Browse Prior Art Database

Bar Code Scanning With Reduced Sensitivity to Label Orientation

IP.com Disclosure Number: IPCOM000035676D
Original Publication Date: 1989-Jul-01
Included in the Prior Art Database: 2005-Jan-28
Document File: 3 page(s) / 52K

Publishing Venue

IBM

Related People

Dickson, LD: AUTHOR [+2]

Abstract

Fig. 1 shows a bar code label representative of the AIAG (Automotive Industry Action Group) Shipping/Parts Identification Label to be widely used in the automotive industry. The AIAG Committee has decreed that this label must be read in the so-called "picket fence" orientation. That is, the label must be placed on boxes and parts so that each bar code in the label can be read by a horizontally scanning beam. In general, this means the overall AIAG label, must be scanned by a raster scan pattern.

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Bar Code Scanning With Reduced Sensitivity to Label Orientation

Fig. 1 shows a bar code label representative of the AIAG (Automotive Industry Action Group) Shipping/Parts Identification Label to be widely used in the automotive industry. The AIAG Committee has decreed that this label must be read in the so-called "picket fence" orientation. That is, the label must be placed on boxes and parts so that each bar code in the label can be read by a horizontally scanning beam. In general, this means the overall AIAG label, must be scanned by a raster scan pattern.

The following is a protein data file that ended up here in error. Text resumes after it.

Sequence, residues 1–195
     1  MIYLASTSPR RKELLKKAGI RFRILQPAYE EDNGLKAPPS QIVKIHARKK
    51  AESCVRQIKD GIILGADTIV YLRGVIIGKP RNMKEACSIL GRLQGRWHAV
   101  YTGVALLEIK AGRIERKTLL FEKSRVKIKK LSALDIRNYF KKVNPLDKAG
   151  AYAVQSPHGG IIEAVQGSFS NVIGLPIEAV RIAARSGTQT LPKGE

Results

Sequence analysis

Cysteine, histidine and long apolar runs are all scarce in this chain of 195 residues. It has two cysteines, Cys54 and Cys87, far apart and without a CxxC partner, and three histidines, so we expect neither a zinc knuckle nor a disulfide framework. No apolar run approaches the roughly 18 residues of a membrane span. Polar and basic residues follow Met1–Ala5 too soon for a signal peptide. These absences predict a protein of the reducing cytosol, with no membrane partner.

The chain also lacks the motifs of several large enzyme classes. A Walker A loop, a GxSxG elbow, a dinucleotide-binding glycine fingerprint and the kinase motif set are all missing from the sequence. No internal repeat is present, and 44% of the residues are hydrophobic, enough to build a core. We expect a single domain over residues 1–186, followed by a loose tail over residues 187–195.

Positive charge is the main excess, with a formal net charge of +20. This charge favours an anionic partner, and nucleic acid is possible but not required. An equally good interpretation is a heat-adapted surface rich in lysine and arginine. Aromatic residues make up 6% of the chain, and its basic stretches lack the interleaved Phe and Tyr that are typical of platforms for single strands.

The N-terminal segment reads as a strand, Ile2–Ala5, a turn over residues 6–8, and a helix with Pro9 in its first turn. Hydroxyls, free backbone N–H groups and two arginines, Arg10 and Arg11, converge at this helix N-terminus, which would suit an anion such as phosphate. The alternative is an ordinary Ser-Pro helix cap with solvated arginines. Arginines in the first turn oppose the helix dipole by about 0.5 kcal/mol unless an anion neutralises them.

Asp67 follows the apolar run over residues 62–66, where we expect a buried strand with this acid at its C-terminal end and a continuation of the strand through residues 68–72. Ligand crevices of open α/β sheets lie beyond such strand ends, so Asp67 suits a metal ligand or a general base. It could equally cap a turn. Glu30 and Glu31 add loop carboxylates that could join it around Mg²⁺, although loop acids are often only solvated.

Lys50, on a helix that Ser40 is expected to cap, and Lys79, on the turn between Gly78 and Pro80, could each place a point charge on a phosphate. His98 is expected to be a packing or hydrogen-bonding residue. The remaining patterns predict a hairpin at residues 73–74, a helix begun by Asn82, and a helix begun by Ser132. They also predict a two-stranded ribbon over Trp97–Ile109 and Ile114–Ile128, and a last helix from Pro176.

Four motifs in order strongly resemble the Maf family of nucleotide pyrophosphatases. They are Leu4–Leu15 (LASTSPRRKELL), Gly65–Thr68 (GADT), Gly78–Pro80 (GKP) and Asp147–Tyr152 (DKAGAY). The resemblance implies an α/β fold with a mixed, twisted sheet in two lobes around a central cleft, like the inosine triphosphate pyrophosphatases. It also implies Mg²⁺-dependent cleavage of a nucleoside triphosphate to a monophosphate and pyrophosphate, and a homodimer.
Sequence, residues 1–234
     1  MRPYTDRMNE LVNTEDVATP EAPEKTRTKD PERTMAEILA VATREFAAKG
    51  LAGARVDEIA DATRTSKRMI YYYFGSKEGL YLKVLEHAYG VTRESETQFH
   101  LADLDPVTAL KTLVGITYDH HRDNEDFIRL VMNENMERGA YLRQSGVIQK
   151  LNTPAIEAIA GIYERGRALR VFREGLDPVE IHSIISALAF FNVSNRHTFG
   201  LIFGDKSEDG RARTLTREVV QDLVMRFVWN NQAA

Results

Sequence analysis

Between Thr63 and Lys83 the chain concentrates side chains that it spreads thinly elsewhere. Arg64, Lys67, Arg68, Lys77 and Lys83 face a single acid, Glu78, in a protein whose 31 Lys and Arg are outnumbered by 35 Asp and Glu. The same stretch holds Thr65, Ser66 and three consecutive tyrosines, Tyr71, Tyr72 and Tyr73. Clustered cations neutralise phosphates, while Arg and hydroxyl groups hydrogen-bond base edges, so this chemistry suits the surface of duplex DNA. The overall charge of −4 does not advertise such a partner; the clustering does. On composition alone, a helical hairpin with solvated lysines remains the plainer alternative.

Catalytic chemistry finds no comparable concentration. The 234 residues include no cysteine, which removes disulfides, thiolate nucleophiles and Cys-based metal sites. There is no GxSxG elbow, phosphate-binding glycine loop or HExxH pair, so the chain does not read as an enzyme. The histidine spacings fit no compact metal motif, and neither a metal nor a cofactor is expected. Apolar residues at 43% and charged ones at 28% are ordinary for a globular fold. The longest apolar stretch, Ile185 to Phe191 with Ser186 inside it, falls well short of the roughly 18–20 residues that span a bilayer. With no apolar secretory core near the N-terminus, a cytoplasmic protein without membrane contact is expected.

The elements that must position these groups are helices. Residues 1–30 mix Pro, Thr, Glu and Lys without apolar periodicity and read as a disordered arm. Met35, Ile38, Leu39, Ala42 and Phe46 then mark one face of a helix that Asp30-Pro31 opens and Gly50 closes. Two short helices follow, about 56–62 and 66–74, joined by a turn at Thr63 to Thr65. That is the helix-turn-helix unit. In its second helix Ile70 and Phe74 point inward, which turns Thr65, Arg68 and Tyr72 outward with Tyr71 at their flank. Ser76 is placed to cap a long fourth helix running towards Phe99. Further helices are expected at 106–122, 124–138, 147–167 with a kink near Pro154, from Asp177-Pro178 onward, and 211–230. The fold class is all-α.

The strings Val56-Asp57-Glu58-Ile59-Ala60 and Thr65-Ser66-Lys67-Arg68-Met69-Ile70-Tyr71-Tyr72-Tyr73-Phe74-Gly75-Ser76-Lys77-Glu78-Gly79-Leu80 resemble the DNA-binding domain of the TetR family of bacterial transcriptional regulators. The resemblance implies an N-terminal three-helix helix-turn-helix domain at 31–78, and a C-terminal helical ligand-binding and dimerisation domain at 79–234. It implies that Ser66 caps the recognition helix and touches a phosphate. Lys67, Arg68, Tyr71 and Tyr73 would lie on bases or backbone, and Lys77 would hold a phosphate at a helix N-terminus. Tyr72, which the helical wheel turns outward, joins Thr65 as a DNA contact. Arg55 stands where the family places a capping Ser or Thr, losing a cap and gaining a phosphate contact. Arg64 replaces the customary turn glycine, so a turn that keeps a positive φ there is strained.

A raster scan pattern could be produced by a rotating, multi- faceted polygonal-mirror scanner with individual facets tilted at different angles relative to the rotational axis of the polygon. A rotating holographic scanning disk could also produce a raster scan pattern.

In general, individual codes in the AIAG label have a relatively small height- to-length ratio. If the labels are tilted slightly, the code may no longer be readable with horizontal scan lines since it may no longer be possible for a single scan line to pass through the entire code (see Fig. 2). It would be desirable to provide some degree of orientation flexibility on the placement of the label by creating a scan pattern which scans both on the horizontal and several degrees off of the horizontal. Fig. 3 shows a suitable three-line scan pattern.

(Image Omitted)

Fig. 4 shows a second way of achieving the same effect. Since the label moves left to right (or right to left) through the scanning beams, the overall reading effect of the scan pattern of Fig. 4 is the same as that of Fig. 3.

It is possible, using either a holog...